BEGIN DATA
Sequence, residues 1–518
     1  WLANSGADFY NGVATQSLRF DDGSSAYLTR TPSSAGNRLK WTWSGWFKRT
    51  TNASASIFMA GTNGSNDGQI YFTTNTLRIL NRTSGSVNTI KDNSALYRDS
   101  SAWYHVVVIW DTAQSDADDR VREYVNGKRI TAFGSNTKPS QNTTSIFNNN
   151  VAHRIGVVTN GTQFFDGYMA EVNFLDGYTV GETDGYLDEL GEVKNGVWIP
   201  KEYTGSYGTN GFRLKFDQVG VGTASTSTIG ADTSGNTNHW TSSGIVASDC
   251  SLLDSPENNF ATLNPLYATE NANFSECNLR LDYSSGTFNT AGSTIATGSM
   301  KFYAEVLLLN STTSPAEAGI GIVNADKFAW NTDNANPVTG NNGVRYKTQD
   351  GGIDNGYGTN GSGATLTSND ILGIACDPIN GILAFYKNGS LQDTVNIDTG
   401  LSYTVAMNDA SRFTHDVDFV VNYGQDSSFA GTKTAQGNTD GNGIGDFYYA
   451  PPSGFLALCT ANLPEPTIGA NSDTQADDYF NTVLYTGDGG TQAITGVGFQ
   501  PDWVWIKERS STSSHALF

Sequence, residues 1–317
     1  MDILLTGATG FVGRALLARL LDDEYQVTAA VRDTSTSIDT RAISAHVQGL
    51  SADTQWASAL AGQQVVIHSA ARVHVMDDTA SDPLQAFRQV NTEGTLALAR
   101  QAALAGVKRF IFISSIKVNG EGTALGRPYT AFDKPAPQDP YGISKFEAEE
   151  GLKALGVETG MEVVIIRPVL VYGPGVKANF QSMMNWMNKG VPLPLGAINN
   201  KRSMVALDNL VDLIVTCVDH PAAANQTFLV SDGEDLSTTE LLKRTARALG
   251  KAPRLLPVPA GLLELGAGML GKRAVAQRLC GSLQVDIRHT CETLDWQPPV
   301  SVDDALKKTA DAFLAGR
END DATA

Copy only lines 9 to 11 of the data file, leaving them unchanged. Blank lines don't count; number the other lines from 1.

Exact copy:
   351  GGIDNGYGTN GSGATLTSND ILGIACDPIN GILAFYKNGS LQDTVNIDTG
   401  LSYTVAMNDA SRFTHDVDFV VNYGQDSSFA GTKTAQGNTD GNGIGDFYYA
   451  PPSGFLALCT ANLPEPTIGA NSDTQADDYF NTVLYTGDGG TQAITGVGFQ